# How to prove :$\sqrt{1!\sqrt{2!\sqrt{3!\sqrt{\cdots\sqrt{n!}}}}} <3$

In fact initially I wanted to prove that $$\sqrt{1!\sqrt{2!\sqrt{3!\sqrt{\cdots\sqrt{n!}}}}} <2$$

Which by the accepted answer here fails to be true.

@Barry Cipra advised me to ask this question in a different post: How can I now prove that: $$\sqrt{1!\sqrt{2!\sqrt{3!\sqrt{\cdots\sqrt{n!}}}}} <3$$

Note that the answers here do not provide an estimate of this sequence

Can anyone have any idea?

• Did you check Masacroso's answer? It does prove the new identity ($e<3$). Commented Jan 5, 2018 at 13:51
• Actually, the values of this is $2.7612068419574980332304546465801311048761259807153048509507‌​45961$, so even less than $\frac{70}{25}$. Commented Jan 5, 2018 at 13:52
• @DietrichBurde thanks but in my numerics I need the smallest integer. that is why I persist with 2 or 3
– user518372
Commented Jan 5, 2018 at 13:55
• @DietrichBurde my bad! When you skim too fast. Thanks anyway. Commented Jan 5, 2018 at 13:56
• The answer given here (math.stackexchange.com/questions/472945/…) as $n\to\infty$ solves your question completely because your series given in the answer here (math.stackexchange.com/questions/2591546/…) is the same series. Commented Jan 5, 2018 at 14:55

@BarryCipra has provided this limit here: $$\log\left(\sqrt{1!\sqrt{2!\sqrt{\ldots\sqrt{n!}}}}\right)\to\log1+{1\over2}\log2+{1\over4}\log3+{1\over8}\log4+\cdots$$ We can write the RHS as $$\frac12\log2+\frac14\log2+\frac14\log\frac32+\frac18\log2+\frac18\log\frac42+...$$ or $$\log2+\frac14\sum_{n=0}^\infty\frac1{2^n}\log\left(\frac{n+3}2\right)$$ since $\frac12+\frac14+\frac18+...=1$. Now as $$\log\left(\frac{n+3}2\right)<1.2^{n-2.39}$$ by Desmos, $$\text{RHS}<\log2+\frac14\sum_{n=0}^\infty\frac{1.2^{n-2.39}}{2^n}=\log2+\frac1{4\cdot1.2^{2.39}}\sum_{n=0}^\infty0.6^n$$ and by the geometric series with $a=1$ and $r=0.6$, $$\text{RHS}<\log2+\frac1{4\cdot1.2^{2.39}}\cdot2.5=1.097...$$ Hence $$\boxed{\sqrt{1!\sqrt{2!\sqrt{\ldots\sqrt{n!}}}}<e^{1.097...}=2.996...<3}$$ as desired.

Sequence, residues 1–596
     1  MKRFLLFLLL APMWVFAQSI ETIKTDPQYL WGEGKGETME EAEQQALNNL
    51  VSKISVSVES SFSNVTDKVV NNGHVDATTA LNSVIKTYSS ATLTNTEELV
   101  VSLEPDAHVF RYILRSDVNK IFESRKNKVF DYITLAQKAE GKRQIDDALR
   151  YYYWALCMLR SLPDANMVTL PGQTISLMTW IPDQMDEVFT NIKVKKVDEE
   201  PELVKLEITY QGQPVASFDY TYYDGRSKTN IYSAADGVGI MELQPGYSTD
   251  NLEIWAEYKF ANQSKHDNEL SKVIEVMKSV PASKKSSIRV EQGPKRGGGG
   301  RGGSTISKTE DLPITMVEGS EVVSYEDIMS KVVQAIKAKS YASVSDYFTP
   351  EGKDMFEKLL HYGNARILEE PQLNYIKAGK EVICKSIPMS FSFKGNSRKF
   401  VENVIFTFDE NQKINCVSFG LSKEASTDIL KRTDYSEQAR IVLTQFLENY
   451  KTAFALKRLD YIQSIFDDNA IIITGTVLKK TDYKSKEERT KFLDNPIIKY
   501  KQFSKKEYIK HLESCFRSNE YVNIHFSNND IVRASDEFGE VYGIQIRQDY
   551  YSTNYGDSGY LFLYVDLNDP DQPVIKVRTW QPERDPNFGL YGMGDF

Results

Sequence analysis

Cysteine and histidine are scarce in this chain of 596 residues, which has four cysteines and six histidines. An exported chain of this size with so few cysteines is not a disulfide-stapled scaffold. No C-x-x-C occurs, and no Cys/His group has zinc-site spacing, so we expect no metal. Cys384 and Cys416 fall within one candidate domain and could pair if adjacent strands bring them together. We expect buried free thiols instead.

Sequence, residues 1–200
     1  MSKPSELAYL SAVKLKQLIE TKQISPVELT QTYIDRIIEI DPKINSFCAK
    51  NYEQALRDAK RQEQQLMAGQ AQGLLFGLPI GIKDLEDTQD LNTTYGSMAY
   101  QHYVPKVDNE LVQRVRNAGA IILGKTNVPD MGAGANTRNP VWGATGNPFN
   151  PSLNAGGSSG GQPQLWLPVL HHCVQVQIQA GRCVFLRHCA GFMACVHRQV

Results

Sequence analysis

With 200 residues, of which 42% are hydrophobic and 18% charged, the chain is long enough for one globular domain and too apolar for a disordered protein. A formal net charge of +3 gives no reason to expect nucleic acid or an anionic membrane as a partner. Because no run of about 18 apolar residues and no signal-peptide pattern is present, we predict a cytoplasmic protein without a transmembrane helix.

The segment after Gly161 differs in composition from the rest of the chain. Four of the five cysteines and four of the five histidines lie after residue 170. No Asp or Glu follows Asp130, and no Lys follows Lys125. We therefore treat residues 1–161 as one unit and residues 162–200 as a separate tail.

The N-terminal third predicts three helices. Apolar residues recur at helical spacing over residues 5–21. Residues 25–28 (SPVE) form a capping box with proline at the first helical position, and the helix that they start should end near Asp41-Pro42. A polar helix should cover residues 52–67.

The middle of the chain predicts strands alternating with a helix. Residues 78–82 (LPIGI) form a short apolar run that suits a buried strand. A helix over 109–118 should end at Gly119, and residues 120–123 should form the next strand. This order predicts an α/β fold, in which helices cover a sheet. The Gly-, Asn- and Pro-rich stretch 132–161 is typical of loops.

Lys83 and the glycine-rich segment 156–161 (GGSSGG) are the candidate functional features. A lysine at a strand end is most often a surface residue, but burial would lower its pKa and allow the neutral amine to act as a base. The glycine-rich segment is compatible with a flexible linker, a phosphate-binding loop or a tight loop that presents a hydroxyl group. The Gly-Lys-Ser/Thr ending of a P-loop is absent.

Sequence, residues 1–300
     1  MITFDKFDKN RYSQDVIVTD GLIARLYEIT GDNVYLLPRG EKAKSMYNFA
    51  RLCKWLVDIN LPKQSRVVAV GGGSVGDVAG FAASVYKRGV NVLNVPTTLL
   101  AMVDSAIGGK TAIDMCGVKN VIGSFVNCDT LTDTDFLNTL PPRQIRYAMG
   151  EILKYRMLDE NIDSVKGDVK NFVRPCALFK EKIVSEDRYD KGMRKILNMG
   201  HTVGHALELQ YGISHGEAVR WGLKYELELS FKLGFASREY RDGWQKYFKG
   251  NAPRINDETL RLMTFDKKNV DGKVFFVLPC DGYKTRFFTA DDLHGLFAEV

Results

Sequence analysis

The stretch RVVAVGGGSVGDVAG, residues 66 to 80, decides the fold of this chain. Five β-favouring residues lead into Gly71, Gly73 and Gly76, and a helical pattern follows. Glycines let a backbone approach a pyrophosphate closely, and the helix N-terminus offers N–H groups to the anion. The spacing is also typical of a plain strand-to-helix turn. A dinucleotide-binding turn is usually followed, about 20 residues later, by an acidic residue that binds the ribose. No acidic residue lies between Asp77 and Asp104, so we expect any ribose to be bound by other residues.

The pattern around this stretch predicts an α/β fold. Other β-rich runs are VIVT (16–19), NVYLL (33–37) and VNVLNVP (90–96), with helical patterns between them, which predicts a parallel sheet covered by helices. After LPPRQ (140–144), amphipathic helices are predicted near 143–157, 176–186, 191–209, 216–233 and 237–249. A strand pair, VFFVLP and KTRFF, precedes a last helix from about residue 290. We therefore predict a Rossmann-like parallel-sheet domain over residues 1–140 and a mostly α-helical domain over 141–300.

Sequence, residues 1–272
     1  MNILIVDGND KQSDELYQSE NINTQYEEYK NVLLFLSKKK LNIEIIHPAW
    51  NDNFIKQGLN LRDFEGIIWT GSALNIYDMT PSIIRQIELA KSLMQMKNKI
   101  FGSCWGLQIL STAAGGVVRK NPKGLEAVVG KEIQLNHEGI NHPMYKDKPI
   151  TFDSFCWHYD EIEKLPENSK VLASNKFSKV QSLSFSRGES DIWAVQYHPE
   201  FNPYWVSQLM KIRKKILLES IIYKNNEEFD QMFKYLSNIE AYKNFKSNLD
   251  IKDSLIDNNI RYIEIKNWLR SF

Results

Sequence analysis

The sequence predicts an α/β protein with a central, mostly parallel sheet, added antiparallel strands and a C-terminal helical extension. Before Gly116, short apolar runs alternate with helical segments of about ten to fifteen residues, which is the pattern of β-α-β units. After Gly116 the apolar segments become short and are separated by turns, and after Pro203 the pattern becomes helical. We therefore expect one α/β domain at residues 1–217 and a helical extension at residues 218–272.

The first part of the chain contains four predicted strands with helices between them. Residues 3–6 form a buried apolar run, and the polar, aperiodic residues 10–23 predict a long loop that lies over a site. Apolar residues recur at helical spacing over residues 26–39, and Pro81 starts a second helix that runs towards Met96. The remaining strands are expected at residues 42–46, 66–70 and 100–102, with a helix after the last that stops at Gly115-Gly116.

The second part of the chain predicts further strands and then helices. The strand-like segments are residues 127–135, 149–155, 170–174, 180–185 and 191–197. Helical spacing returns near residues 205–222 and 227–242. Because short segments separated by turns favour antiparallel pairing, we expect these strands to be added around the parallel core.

For $$n\geq 2$$, \begin{align*} \sqrt{1!\sqrt{2!\sqrt{3!\sqrt{\cdots\sqrt{n!}}}}} & = 2^{1/4+1/8+1/16+\ldots+1/2^n} \cdot 3^{1/8+1/16+1/32+\ldots+1/2^n}\cdot \ldots \cdot n^{1/2^n} \\ & < 2^{1/2}\cdot 3^{1/4} \cdot 4^{1/8} \cdot \ldots \cdot n^{1/2^{n-1}} \\ & = \sqrt{2\sqrt{3\sqrt{\cdots\sqrt{n}}}} \\ &<3\end{align*} The last inequality was proved here.

• THis inequality is somehow surprising. How the term with factorial be less than the other?
– user518372
Commented Jan 8, 2018 at 16:02
• I am pretty sure that we have$$\sqrt{2\sqrt{3\sqrt{\cdots\sqrt{n}}}} < \sqrt{1!\sqrt{2!\sqrt{3!\sqrt{\cdots\sqrt{n!}}}}}$$ not the other way around.
– user518372
Commented Jan 8, 2018 at 16:03
• @Sobolev Why do you think so? Which part of my proof is incorrect or unclear to you? I'll be glad to add some more explanation. Commented Jan 8, 2018 at 17:52
• You should suppose $n\geq 2$. Commented Sep 29, 2021 at 8:43

For any $n > 0$, we have